When My Brother Was an Aztec by Natalie Diaz

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“Angels don’t come to the reservation.”

This is the first line of Natalie Diaz’s “Abecedarian Requiring Further Examination of Anglikan Seraphym Subjugation of a Wild Indian Rezervation,” and angels don’t come to Natalie Diaz’s poems either. The angels might as well be cruising as high above them as jetliners. But even if they weren’t, they’d be about as welcome as the angel in Larry Levis’s poem “Anastasia & Sandman”—the angel the starving man hated “Because the angel could not be carved into meat.”

According to Lorca, the angel dwells high above us, cold and distant. But for Diaz, the angel isn’t just imperious—it’s imperial. It’s a conqueror in wait. Her abecedarian ends with these lines: “You better hope you never see angels on the rez. If you do, they’ll be marching you off to / Zion or Oklahoma, or some other hell they’ve mapped out for us.”

Fortunately for us, the poems in Diaz’s commanding debut poetry collection, When My Brother Was an Aztec, don’t rely on the angels. They embrace what Lorca called the duende: the kind of force and struggle that—unlike the angel and the muse— “surges up, inside, from the soles of the feet.” They aren’t the kind of perfect, crystalline poems that seem to have fallen from the heavens. These are rangy, muscled works that have both a dancer’s grace and a mechanic’s oil-stained hands.

The first section of the book chronicles reservation life though narratives from a wide-ranging cast of characters. There’s an old woman with no legs who tells the speaker to watch out for “the white man named Diabetes who is out there somewhere carrying her legs in red biohazard bags tucked under his arms.” There’s Mary Lambert, who never missed a three-pointer, but drops out of high school and becomes a single mother selling fry bread by the time she’s seventeen. And there’s Jimmy Eagle, chased across the reservation by F.B.I. agents for stealing a pair of cowboy boots.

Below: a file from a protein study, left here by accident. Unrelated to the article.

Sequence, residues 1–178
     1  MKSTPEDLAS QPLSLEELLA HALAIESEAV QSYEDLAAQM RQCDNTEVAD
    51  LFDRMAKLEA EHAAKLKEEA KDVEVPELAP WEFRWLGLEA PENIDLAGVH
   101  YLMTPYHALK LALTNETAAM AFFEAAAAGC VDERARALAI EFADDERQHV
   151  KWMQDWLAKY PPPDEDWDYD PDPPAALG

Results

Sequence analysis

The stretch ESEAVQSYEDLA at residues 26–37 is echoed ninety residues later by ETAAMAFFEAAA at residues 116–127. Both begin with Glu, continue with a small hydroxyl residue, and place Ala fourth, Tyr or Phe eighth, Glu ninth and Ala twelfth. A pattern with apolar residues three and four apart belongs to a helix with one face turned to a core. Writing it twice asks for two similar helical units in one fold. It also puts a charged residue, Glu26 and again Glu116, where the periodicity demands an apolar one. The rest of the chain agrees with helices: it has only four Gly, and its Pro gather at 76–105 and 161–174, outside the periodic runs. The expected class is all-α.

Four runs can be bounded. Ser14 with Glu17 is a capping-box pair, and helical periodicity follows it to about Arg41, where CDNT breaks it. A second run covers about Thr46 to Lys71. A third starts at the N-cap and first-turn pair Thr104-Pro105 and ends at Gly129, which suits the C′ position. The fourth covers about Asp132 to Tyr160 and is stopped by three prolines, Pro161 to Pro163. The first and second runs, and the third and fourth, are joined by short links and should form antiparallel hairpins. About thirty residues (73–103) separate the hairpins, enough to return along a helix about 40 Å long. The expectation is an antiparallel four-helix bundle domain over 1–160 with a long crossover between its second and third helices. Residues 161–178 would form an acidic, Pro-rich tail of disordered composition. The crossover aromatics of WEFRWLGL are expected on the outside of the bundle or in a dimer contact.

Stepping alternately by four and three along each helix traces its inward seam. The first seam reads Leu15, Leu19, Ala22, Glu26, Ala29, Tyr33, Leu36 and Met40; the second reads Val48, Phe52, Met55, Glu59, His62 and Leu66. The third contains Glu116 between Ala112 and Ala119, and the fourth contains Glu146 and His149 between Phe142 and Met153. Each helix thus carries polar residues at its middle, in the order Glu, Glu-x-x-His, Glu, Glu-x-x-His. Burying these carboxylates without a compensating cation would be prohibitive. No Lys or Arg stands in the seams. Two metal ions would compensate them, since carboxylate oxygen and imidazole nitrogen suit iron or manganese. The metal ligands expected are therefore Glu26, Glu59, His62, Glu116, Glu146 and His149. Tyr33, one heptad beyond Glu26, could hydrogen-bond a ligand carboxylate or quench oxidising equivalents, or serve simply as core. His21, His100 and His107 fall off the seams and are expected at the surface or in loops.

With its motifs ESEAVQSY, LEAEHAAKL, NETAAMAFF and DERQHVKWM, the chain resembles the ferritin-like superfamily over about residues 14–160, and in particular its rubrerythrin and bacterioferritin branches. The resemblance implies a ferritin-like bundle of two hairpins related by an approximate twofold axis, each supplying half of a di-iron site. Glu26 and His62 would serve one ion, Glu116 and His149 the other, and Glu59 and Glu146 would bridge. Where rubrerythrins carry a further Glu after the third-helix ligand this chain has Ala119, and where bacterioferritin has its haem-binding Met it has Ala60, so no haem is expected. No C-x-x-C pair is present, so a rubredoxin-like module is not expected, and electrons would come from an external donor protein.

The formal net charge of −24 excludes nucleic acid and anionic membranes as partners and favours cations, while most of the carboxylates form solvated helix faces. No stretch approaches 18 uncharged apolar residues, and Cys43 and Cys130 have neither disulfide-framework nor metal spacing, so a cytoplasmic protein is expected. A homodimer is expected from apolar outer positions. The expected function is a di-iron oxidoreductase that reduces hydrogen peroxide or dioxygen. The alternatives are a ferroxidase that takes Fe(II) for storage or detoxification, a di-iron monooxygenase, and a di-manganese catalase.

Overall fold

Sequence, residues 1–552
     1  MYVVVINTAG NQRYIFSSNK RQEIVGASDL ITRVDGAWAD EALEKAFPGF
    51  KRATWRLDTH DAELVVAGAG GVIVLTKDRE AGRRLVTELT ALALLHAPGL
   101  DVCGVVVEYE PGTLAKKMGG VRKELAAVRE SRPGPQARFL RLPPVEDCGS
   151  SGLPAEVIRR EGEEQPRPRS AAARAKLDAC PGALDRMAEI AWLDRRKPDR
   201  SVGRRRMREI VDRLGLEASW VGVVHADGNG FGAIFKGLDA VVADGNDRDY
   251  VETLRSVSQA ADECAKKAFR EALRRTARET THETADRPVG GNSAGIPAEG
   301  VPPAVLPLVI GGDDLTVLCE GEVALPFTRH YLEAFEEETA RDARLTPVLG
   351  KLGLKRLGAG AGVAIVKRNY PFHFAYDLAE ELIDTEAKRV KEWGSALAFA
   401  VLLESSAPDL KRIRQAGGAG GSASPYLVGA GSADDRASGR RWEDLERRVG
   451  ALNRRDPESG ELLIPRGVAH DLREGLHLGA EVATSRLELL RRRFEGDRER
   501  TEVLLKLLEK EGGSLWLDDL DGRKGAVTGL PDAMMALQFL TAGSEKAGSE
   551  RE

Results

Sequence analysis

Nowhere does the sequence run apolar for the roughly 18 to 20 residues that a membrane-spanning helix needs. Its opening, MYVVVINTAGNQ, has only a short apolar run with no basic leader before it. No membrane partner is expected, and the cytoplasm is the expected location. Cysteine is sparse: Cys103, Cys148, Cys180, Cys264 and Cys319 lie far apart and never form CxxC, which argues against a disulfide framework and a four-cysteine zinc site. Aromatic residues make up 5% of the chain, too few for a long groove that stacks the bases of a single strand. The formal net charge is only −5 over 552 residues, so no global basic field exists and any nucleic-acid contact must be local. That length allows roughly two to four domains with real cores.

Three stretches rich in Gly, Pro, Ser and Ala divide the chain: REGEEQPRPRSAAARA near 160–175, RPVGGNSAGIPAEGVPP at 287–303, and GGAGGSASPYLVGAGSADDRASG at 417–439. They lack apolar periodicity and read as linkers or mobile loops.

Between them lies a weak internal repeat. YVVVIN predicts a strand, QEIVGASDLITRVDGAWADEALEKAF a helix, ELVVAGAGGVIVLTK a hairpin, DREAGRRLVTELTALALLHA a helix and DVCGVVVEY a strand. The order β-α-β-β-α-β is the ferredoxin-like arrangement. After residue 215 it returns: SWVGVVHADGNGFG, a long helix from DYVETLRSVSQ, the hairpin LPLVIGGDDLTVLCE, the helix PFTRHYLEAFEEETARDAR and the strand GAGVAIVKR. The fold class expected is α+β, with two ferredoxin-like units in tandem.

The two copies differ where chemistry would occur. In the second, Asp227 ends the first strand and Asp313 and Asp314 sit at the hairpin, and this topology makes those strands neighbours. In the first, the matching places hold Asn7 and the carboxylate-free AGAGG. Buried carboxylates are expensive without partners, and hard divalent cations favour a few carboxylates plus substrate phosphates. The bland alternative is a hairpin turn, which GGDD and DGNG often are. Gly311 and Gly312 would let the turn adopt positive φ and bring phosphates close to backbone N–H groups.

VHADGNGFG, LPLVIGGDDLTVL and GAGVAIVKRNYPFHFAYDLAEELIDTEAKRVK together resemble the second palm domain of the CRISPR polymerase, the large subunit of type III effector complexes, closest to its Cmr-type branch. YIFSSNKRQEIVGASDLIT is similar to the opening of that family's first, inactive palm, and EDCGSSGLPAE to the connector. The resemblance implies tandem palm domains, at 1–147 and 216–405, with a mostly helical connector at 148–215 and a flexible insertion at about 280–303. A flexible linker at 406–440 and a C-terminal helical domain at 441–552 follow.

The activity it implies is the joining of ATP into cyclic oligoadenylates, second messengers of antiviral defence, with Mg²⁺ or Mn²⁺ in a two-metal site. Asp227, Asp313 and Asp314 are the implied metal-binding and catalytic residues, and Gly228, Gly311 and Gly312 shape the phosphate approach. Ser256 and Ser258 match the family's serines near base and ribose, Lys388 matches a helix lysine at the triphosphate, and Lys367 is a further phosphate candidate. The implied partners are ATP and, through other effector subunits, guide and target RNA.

In “Hand-Me-Down Halloween” the speaker receives a used “two-piece / Tonto / costume” as a hand-me-down on her first year off the reservation:

My mother’s boyfriend laughed

said I was a / fake / Indian
look-it her now yer / In-din / girl is a / fake / In-din
My first Halloween off / the reservation /

/ white / Jeremiah told all his / white / friends
that I was wearing his old costume

On Halloween night, the speaker fights Jeremiah, and is dragged back home by Jeremiah’s mother. The speaker’s mother confronts Jeremiah’s, and tries to console her daughter at the poem’s end:

my mother said / maybe / next year

you can be a little Tinker Bell / or something /
now go git that / white / boy’s can-dee
—iss-in the road

There’s both anger and tenderness in these poems. They don’t turn away from the scraping and fighting that people need to do—like the gathering candy from the road—just to survive.

The book’s second section focuses on the speaker’s brother, a meth addict so in the grip of his drug that he seems to straddle the line between life and death. Here he is, both vibrant and mythic, in the opening to “How to Go to Dinner with a Brother on Drugs”:

If he’s wearing knives for eyes,
if he’s dressed for a Day of the Dead parade—
three-piece skeleton suit, cummerbund of ribs—
his pelvic girdle will look like a Halloween mask.